When I did this in Oxford, the process of bumping was costly, particularly in the lower divisions where less skill was (not) balanced against enthusiasm and the result was expensive damage to boats. In my first year, 1972, I was in a poor crew1 which went down every day so thoroughly that the colliding boat would ride up across our riggers and break off the front of the(ir) boat. We were rowing a clinker-built affair (overlapping strakes of timber, not a ‘shell’ of veneer or fibreglass) and so we were both heavy and tough. Which describes the boat, not the crew.

Brother Colin has an entry in the Guinness Book of Records for going down more places than any other crew. Claiming a bump on day one, they were denied, for the boat they had bumped was itself awarded a bump on the crew in front of them. Colin’s boat was trapped against the bank and as the argument about who did what to who (this was long before road rage and oh so politely done), being 1975-7) raged while the rest of the division went by. This meant some twelve places were lost. And for the next three days they went down again, losing fifteen places.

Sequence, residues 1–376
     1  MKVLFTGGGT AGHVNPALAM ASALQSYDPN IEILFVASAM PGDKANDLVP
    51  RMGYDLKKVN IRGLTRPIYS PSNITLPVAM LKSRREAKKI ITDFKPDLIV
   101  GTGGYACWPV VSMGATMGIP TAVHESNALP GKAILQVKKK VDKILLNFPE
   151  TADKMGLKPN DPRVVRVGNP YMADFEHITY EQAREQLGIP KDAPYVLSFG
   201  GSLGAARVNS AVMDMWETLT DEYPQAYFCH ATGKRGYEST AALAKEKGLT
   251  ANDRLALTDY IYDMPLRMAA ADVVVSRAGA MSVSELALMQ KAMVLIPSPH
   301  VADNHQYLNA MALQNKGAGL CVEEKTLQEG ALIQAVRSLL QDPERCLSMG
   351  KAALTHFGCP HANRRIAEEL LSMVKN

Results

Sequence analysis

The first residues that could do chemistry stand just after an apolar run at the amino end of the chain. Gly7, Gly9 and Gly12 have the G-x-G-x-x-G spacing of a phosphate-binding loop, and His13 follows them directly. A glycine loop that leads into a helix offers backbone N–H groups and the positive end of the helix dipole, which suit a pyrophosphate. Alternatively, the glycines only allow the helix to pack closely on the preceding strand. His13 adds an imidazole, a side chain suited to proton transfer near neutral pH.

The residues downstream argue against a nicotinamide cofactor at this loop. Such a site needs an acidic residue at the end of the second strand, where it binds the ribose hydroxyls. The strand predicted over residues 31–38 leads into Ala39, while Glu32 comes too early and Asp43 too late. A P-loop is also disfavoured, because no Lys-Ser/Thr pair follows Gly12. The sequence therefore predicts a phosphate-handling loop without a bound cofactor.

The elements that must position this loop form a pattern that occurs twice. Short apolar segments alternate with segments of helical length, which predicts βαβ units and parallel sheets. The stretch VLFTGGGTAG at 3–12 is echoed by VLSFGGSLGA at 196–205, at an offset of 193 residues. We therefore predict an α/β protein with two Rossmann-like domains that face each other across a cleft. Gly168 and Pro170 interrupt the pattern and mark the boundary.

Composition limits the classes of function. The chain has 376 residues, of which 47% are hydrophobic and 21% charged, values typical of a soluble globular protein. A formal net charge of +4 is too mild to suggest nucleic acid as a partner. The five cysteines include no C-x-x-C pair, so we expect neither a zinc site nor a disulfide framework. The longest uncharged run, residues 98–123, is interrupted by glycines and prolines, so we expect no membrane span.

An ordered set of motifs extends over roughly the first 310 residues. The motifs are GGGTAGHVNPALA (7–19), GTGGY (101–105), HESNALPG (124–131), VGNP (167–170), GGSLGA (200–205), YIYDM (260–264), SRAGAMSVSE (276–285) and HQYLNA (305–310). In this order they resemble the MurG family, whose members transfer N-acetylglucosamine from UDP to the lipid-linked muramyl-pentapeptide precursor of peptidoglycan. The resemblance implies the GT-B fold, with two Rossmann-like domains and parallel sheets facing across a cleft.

Bumping became so expensive in boat repair that the form of a bump changed and crews yielded if there were sufficient overlap, only making the bump physically when a cox refused to yield. I remember 1974 particularly when the cox (from Yale or Harvard) of Brasenose One (BNC1) successfully kept the crew behind (Keble 1 maybe) by ‘washing off’, a process whereby each time the hunting bow is close enough to the defending rudder, a quick flick of the rudder causes the bow to sweep by, missing the intended target and also pushing the chase boat off course. Thus the two boats weave sine waves as they travel upstream, with the chasing crew describing ever larger curves. Brasenose One kept this up all week, a remarkable feat made all the sweeter for the lack of tactical change from the predators; if a definitely better crew, they should have been able to establish a significant overlap in cleaner water and sweep across for a definite bump from the advantage of, say, a third of a length.